Philip Vandermey and Jessie Andjelic met and began dating while studying architecture at the University of Calgary. Upon graduation, they took jobs with local firms – him with The Marc Boutin Architectural Collaborative and her with Sturgess Architecture. But after a few years they felt the itch to expand their horizons and headed for Europe – Barcelona and Rotterdam, to be specific, to work. “We worked on local and international projects, a range of types, too,” Vandermey says. “What was good about coming back here and opening our own office was that we were able to combine a local perspective with an international one.”

When they first returned to Alberta, the pair settled in Andjelic’s hometown of Medicine Hat for a short time. There, they put on an exhibition called “Thinking Hat” which presented ideas for a series of small interventions that could reinvigorate the city’s downtown, and demonstrated how contemporary architecture can be sensitively integrated into a historical downtown. “We expected a bit of resistance and we didn’t get that at all,” Andjelic says. “There was really a lot of enthusiasm and discussion and there have been some changes.”

Vandermey and Andjelic both teach at the University of Calgary’s architectural school. Their passion remains creating great – and sustainable – cities, and they’re not entirely impressed with the state of the province’s two biggest cities. “People make great lives in Edmonton and Calgary and other cities, but it’s despite our urban design and urban structure, not because of it,” Vandermey says. “In the Netherlands, the cities sprawl as well, but they’re more like small towns closely clustered around public transit. You can take a train through farmland and arrive at a small town and everything is within walking or cycling distance.”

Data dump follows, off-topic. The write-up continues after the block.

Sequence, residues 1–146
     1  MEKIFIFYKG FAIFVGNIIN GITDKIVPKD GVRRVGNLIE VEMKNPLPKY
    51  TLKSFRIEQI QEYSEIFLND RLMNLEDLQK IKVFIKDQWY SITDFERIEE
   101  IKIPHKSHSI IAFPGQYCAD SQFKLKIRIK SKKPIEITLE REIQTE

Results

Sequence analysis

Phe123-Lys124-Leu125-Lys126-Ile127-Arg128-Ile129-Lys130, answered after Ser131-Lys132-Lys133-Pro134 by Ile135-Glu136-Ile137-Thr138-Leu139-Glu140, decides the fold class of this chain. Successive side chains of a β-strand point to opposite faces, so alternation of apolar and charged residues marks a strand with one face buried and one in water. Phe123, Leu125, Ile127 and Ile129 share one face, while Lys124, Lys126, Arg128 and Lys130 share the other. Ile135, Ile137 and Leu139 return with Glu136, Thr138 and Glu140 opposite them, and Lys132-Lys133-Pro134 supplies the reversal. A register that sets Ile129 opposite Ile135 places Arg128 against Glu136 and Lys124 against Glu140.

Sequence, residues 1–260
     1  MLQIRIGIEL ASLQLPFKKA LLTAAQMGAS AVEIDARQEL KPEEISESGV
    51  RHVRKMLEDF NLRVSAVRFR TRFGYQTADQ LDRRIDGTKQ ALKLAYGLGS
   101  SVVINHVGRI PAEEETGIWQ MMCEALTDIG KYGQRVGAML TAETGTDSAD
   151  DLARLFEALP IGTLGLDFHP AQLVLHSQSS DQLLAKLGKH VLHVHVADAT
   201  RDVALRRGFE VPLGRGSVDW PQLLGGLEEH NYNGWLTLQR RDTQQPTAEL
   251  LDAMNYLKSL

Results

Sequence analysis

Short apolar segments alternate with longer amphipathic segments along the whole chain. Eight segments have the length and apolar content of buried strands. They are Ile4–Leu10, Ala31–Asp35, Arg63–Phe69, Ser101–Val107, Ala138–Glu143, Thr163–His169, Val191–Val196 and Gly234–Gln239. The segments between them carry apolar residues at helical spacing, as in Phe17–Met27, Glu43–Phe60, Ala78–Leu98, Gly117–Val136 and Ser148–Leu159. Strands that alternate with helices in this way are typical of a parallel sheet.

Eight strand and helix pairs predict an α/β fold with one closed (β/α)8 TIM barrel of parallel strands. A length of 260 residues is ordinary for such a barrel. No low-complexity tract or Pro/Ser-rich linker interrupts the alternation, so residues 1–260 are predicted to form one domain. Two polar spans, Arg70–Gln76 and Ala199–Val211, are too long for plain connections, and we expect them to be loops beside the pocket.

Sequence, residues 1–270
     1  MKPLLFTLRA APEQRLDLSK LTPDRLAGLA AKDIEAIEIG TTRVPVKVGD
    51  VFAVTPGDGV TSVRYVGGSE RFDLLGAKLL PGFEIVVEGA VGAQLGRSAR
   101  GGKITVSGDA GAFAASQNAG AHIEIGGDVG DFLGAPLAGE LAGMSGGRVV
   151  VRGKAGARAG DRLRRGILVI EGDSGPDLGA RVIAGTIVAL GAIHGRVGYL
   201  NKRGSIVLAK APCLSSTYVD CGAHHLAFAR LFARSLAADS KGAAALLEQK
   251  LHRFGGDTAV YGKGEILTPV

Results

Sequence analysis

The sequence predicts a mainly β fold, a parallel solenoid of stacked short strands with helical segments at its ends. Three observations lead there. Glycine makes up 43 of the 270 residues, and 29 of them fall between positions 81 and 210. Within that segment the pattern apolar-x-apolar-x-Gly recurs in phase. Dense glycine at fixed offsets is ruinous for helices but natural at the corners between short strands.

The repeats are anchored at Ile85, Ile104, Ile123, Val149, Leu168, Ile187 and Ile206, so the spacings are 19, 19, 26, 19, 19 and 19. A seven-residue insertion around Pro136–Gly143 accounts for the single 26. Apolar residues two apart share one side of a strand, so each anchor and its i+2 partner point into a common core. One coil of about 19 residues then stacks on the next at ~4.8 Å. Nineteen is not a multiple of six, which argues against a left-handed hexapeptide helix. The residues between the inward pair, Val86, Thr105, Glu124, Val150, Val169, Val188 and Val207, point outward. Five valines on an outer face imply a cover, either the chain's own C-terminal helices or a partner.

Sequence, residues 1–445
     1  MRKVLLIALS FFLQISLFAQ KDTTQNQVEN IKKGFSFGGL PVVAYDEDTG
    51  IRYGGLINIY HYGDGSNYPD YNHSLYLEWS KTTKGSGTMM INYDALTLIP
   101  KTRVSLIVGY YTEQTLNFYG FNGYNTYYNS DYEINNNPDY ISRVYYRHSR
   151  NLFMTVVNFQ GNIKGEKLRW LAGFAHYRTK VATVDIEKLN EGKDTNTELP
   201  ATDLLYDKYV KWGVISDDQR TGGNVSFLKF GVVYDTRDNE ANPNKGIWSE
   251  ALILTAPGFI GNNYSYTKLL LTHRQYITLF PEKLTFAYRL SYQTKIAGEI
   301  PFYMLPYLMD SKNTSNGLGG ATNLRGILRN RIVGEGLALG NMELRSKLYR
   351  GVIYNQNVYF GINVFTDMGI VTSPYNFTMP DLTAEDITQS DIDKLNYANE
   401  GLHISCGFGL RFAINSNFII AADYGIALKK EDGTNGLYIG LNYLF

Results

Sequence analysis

Making cities sustainable ties into what Vandermey identifies as the province’s greatest challenge: climate change. “We have fewer resources to work with than the last generation,” Vandermey says. “If we see climate change as an opportunity to make well-designed cities – to improve the design of our housing and our shared facilities – their quality could be higher even as we’re more careful and lean in our urban design.”

A leader we admire Zaha Hadid, the Iraqi-born British architect who died in March, aged 65. “Her generation of women architects will start to disappear which will be a real loss,” Andjelic says